It’s the rebel in me. As soon as someone says you should not do fill in the blank, I want to do it. I don’t follow the herd.
The self-appointed LinkedIn police are out and the little dictators will tell you that you should not post silly math questions or use LinkedIn as a place to sell your car. It’s not about your cat or dog, family, or even a spot to say congrats on another birthday. This is not Facebook.
It’s simply unprofessional.
And they’ve deemed it unacceptable.
They know valuable content and because they are mind readers, they know your audience is not interested in these things. Said audience does not appreciate this.
So the LinkedIn police will comment on a post, sometimes capitalizing in shout-y tone for further emphasis, that this is unprofessional. (Is this unsolicited advice appreciated?)
I am so glad they know best.
You cannot do these things in real life; it certainly wouldn’t happen at an in-person networking event. It is unnatural to talk about your family, the car you’re selling, or tell a joke. LinkedIn is not the appropriate spot. Ever. This is not networking.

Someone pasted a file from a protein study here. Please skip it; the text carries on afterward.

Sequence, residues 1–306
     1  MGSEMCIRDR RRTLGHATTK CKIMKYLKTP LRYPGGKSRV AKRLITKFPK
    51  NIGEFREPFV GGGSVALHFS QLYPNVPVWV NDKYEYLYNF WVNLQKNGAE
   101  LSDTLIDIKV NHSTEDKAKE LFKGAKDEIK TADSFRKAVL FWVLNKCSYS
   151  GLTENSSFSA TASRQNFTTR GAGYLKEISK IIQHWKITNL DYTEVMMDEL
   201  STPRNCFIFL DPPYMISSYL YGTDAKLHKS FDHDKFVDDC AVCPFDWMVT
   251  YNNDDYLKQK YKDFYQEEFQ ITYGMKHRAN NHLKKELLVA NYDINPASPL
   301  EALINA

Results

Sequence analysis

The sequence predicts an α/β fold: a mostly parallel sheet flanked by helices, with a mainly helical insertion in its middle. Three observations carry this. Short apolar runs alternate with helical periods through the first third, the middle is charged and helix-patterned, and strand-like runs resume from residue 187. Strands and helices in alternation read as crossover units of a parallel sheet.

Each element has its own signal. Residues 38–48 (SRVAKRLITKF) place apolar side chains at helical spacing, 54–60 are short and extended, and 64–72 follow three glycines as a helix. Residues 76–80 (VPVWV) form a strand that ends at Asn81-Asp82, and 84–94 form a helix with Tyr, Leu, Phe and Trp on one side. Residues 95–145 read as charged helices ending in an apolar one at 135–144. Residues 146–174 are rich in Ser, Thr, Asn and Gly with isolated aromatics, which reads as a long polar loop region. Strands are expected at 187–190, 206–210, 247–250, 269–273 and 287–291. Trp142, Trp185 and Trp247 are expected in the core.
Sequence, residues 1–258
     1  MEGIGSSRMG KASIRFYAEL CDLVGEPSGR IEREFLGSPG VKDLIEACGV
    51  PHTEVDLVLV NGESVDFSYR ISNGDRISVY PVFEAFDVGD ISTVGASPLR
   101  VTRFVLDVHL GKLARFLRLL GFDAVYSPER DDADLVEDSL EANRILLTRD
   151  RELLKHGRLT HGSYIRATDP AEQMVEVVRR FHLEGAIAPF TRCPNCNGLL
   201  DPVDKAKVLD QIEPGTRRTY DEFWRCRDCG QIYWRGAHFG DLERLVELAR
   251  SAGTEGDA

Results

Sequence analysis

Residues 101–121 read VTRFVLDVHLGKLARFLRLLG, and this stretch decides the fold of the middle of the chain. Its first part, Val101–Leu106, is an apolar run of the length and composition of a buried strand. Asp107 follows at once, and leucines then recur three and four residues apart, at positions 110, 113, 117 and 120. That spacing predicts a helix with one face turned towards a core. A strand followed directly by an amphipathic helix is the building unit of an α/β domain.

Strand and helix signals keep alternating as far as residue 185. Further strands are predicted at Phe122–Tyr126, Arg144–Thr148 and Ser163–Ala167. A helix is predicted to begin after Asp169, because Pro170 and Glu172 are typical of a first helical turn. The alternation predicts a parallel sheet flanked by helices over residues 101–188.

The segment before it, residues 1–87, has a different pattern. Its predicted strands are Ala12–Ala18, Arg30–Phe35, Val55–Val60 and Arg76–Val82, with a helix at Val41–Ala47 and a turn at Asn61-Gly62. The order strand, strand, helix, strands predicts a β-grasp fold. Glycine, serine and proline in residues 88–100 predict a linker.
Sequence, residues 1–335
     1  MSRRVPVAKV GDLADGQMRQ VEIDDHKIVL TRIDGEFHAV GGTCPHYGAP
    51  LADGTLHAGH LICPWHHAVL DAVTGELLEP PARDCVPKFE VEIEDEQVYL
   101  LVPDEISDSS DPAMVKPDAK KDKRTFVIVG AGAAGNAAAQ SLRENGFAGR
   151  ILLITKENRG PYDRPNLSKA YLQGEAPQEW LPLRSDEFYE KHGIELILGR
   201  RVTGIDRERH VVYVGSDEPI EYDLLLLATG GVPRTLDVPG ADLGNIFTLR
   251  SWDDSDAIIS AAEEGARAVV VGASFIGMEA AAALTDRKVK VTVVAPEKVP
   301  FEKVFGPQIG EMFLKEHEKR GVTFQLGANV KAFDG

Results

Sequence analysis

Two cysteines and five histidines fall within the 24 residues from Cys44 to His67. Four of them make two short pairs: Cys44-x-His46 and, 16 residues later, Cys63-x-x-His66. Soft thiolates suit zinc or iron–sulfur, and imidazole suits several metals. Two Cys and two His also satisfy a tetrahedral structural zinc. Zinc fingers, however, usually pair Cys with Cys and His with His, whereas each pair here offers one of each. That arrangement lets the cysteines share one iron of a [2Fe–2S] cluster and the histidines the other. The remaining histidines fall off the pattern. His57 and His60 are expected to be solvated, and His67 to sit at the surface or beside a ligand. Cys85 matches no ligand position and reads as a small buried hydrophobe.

What is striking to me is the time the LinkedIn police spend commenting on these unprofessional posts; that they’re so wrapped around the axle about this that they waste their valuable time chastising.
Dear Self-Appointed LinkedIn Police:
Here are some other options:
- Move along past the post. Simple!
- Select the option I don’t want to see this.
- Select the other option Unfollow. Just do it and disconnect from that person if the majority of their content is so unprofessional.
Frankly, these silly math questions and other unprofessional posts — the ones you might cringe and think yikes! — I haven’t seen that often. Expect it’ll happen occasionally. It’s life…human nature.
About these consummate unprofessionals on LinkedIn, ultimately it’s THEIR profile, THEIR network. They get to decide what to share and post, including silly content, political rants, religious stuff, anecdotes about the family. And it’s up to THEIR connections to stay connected with them or not.
Here’s the kicker. There are successful people on LinkedIn who are known for posting some crazy, outrageous things that I’d never ever in a million years suggest anyone on LinkedIn do and most definitely not by our esteemed LinkedIn police. But it worked out great for them, resulting in referral partners and more business. Perhaps it’s because they were different, not chameleons, and they stood out in a crowded network in their own way.
Also unusual and difficult to explain are those very successful old-school marketers who don’t have a website. Shocking. Not something I’d recommend either because everyone should have one…right?
This is a good reminder that the formula is different for everyone. It’s not a one size fits all.
As always, thanks for reading.
Until next time,